Your First Service

A “service” in KDP defines a unique Kubernetes API Group and offers a number of resources (types) to use. A service could offer certificate management, databases, cloud infrastructure or any other set of Kubernetes resources.

Services are provided by service owners, who run their own Kubernetes clusters and take care of the maintenance and scaling tasks for the workload provisioned by all users of the service(s) they offer.

A KDP Service should not be confused with a Kubernetes Service. Internally, a KDP Service is ultimately translated into a kcp APIExport with a number of APIResourceSchemas (~ CRDs).


This document describes the process of setting up a new Service from scratch, from the standpoint of a Service Owner. See Using Services for more information from the standpoint of Service Consumers (i.e. endusers).

Creating Services

Login to the KDP Dashboard and navigate to the organization where the Service should be available (generally, Services can be consumed from any other workspace). Choose the “Create Service” option.

Service Creation Wizard

First, choose a title. This is a “human readable” name for your Service and will be shown to potential consumers in the service catalog. Next, choose a unique API group. API groups are DNS-style names, so it is recommended to choose a sub-domain of a DNS name you actually control (e.g.

You must also choose the location to which the servlet kubeconfig secret is written. This secret is required to set up the Servlet later.

The service creation wizard also offers several optional metadata fields that will help service consumers understand what kind of services are offered. You can (optionally) provide a documentation link which will be shown to consumers as a way to discover more information about the service, a logo which will be displayed alongside the service in the service catalog and a markdown-capable description to convey what the service is about.


It is of course also possible to create services from the kcp API directly via kubectl or similar tools (useful when the service should be managed via GitOps, for example). Here is an example YAML specification:

kind: Service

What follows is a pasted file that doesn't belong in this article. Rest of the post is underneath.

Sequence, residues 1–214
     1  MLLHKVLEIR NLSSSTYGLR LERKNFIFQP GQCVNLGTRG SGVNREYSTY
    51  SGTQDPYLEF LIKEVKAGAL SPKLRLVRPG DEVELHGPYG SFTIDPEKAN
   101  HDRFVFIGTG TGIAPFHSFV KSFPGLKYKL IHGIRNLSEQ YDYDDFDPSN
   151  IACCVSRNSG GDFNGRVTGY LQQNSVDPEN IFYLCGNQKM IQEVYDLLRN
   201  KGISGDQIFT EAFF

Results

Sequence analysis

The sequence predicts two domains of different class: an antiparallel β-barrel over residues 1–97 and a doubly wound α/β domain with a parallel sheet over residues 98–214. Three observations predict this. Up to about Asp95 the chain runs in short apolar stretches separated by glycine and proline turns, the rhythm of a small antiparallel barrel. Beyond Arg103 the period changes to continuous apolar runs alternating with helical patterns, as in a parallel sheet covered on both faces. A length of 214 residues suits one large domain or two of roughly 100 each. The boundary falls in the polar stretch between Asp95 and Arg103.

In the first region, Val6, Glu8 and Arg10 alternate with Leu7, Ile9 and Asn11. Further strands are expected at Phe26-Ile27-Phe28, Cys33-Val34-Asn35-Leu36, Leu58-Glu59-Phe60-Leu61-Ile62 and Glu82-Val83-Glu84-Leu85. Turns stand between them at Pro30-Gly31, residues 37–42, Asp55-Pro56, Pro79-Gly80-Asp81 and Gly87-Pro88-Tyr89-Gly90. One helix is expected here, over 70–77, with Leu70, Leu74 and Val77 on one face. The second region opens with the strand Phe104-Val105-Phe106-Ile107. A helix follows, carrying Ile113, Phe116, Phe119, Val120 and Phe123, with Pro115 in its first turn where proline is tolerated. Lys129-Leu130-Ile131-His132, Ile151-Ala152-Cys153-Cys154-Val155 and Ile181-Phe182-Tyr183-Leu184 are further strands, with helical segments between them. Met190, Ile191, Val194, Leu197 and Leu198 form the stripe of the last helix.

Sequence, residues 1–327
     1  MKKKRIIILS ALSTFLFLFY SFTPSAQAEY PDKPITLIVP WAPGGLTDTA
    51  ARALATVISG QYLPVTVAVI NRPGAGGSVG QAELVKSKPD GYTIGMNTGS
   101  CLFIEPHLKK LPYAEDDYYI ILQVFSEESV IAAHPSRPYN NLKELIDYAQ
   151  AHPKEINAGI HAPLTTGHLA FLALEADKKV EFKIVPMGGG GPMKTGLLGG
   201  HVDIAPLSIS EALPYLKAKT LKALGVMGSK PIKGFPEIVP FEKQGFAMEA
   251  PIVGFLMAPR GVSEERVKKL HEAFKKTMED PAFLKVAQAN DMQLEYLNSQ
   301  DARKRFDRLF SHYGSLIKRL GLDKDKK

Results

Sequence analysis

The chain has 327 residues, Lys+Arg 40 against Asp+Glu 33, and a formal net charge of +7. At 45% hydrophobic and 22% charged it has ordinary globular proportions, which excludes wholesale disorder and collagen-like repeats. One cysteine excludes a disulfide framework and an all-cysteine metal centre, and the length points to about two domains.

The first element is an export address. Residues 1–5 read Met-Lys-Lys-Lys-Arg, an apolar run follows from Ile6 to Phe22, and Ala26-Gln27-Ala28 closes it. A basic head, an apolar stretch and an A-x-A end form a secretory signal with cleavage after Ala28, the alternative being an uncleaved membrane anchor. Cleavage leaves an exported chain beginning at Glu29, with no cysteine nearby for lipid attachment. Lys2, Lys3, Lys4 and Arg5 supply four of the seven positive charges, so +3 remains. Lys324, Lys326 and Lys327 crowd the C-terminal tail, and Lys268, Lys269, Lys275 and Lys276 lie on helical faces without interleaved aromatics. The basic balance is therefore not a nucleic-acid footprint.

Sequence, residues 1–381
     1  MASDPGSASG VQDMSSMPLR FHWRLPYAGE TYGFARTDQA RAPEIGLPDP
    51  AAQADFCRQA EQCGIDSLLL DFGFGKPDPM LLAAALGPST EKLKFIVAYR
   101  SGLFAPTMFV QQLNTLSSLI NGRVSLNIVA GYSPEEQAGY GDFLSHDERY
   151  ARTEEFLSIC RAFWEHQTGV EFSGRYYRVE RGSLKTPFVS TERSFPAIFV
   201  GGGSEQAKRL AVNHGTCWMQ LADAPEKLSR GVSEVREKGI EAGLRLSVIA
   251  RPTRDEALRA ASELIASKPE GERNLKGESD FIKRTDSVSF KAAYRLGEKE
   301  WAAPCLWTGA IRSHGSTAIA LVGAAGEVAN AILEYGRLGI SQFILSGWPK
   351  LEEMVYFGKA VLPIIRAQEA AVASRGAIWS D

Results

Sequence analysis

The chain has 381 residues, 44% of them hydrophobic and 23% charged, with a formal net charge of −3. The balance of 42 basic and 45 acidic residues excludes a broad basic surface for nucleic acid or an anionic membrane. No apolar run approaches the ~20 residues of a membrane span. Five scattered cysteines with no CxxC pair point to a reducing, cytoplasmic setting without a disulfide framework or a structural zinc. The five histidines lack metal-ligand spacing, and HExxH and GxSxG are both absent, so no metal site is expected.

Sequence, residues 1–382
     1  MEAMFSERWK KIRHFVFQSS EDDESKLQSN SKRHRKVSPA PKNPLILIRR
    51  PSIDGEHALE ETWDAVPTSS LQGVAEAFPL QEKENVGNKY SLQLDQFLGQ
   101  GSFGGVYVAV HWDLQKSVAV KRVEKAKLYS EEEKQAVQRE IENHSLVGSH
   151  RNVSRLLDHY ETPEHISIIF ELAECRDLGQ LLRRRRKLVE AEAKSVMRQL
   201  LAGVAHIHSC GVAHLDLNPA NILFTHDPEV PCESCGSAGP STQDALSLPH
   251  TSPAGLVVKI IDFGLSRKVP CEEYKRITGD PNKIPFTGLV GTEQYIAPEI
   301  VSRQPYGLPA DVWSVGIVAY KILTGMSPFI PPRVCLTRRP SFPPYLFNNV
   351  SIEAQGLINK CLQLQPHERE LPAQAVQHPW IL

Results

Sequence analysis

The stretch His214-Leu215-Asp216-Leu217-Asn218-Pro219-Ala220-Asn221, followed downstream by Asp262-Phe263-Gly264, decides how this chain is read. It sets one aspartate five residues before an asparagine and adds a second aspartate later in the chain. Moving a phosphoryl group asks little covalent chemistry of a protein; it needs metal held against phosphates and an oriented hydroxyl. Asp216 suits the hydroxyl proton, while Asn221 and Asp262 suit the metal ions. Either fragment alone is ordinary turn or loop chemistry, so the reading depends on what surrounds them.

description: This is a sample service.
    documentationURL: ""
    title: sample-service
    name: sample-servlet-kubeconfig
    namespace: default

This can be applied with kubectl in your organization workspace.

$ kubectl ws :root:my-org       # switch to your workspace
$ kubectl apply -f service.yaml

Use the following command to explore the full schema for Service objects:

$ kubectl explain service

This concludes all required steps to define the new service. Click on the confirm button to create the Service.

Setting up the Servlet

Once the service is created, KDP will provision a kubeconfig. This kubeconfig is meant to be used by the KDP Servlet, the component installed by service owners into the service cluster.

The generated kubeconfig is available from the service’s context menu in the Dashboard.

Service Context Menu

Click “kubeconfig” to inspect and download the kubeconfig:

Kubeconfig View

You can also use kubectl to navigate into your workspace and inspect your Service object. In spec.kubeconfig you will find the name of the kubeconfig Secret that you can use for your Servlet.

Now switch your focus to your own cluster, where your business logic happens (for example where Crossplane runs). For your Service you need to provide exactly one Servlet in one Kubernetes cluster. This Servlet can have multiple replicas as it uses leader election, but you must not have two or more independent Servlets processing the same Service. There is currently no mechanism to spread load between multiple Service clusters and two or more Servlets will most likely conflict with each other.

The Servlet comes as a Helm chart. See deploy/charts/servlet for more information. You basically need to provide the kubeconfig generated by KDP as the “platform kubeconfig”, the service’s name (not its API Group) and a unique name for the Servlet itself. Put all the information in a values.yaml and run helm install to deploy your Servlet.

Once the Servlet has booted up, it will just sit there and do nothing, waiting for further configuration.

Defining Published Resources

Once the Servlet is up and running, you have to create PublishedResource objects on the service cluster. See the documentation for publishing resources for more information.

The Servlet will automatically react to PublishedResources and begin replicating them into KDP/kcp. This means setting up an APIExport and APIResourceSchemas. Once this is done, the KDP Service can actually be consumed on the platform. See Using Services for more information.